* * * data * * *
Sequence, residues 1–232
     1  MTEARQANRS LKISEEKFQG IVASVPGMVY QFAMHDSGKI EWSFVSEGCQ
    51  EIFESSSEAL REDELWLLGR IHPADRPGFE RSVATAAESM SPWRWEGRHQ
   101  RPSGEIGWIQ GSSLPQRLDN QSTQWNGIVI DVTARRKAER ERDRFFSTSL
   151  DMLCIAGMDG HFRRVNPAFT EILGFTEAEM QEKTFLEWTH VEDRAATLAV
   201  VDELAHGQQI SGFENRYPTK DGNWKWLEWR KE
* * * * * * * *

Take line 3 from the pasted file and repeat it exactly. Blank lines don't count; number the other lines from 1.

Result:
    51  EIFESSSEAL REDELWLLGR IHPADRPGFE RSVATAAESM SPWRWEGRHQ